Back in the *good* old days, before reform (and the associated strife) had muddied the waters, memorizing certain things was the *only* way that a practitioner of mathematics could practice certain things. (Please--no jokes about how long one has to practice before one is permitted to perform.) Unless, I suppose, said practitioner carried around multiple resources in the quaint, but bulky, form of books. Even with books as resources, the practitioner usually needed to have acquired a certain level of facility with the techniques most of us memorized.
Chanting, and similar strategies, are really quite effective. I used to teach the quotient rule for derivatives by telling students to write it out on a 3-by-5, carry that card around with them, and pull it out and read it *out loud* every time they remembered that they had the card with them. (Well, I told them that they were allowed to mumble it under their breaths if they were in a situation, like, say, church, where it wasn't socially acceptable to say it out loud.) If they do this, they find that they aren't really reading the card after a few days; it's become automatic. From then on, when one wants the derivative of a quotient, one need only ask one's Mouth what do to. The Mouth will reply with "The derivative of a quotient is..." perfectly, and all that one need do is listen carefully to the instructions it gives.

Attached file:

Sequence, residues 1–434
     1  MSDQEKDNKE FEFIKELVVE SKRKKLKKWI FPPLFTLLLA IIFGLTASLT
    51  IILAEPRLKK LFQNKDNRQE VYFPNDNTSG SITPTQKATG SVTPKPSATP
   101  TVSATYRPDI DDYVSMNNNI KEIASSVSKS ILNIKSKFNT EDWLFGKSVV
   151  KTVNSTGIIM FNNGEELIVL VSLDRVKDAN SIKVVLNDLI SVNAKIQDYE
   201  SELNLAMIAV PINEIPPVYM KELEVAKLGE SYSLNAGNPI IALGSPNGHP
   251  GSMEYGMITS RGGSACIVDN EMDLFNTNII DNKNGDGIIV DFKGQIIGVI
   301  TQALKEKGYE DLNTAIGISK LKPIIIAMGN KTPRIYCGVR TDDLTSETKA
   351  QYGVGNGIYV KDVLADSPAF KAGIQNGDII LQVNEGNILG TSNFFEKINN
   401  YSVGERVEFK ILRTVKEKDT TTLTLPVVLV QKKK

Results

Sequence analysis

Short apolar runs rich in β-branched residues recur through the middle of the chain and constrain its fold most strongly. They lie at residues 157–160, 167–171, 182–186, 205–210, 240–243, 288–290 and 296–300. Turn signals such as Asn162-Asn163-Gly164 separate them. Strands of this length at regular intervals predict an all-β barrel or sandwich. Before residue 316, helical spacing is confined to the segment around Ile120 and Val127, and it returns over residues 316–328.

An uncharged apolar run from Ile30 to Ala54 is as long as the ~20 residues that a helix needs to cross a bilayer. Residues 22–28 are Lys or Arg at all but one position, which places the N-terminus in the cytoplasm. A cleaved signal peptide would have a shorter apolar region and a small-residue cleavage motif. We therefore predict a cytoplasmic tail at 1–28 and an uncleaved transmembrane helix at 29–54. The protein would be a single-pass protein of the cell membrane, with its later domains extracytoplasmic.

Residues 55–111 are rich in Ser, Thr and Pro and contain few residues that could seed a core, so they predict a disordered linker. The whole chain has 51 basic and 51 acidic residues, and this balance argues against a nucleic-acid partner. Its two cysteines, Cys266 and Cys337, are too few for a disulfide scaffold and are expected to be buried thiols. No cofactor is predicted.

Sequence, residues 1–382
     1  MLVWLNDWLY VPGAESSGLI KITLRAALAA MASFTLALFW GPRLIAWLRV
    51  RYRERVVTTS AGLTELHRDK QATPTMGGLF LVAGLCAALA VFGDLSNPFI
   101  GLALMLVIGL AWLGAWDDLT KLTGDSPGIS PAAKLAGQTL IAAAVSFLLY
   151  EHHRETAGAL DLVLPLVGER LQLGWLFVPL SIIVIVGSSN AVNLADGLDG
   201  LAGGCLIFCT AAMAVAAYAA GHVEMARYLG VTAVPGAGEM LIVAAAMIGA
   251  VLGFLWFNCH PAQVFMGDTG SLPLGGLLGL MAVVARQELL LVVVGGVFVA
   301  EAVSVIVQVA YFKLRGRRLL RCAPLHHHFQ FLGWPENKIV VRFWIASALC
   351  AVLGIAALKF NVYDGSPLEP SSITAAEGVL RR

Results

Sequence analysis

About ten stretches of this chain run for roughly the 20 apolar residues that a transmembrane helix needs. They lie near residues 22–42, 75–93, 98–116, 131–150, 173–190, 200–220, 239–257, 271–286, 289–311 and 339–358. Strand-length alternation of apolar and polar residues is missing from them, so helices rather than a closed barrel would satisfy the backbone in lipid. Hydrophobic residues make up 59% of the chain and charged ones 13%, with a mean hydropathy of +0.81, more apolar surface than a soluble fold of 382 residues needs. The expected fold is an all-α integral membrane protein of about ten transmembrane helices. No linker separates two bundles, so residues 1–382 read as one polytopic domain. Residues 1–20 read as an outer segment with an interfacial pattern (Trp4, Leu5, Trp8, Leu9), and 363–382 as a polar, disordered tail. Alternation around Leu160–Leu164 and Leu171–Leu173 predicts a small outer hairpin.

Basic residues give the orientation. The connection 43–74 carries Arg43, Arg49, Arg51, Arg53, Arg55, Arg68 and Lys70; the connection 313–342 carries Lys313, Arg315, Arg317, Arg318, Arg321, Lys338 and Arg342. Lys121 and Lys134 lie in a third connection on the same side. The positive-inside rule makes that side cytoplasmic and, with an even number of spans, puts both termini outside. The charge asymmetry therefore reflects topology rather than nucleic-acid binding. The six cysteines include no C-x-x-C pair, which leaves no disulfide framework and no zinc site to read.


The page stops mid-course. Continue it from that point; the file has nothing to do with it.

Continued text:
Lest Ralph complain, I hasten to add that I do not consider such memorization "doing" mathematics. Lest Mike complain, I hasten to add that I don't know whether or not I am describing present necessity.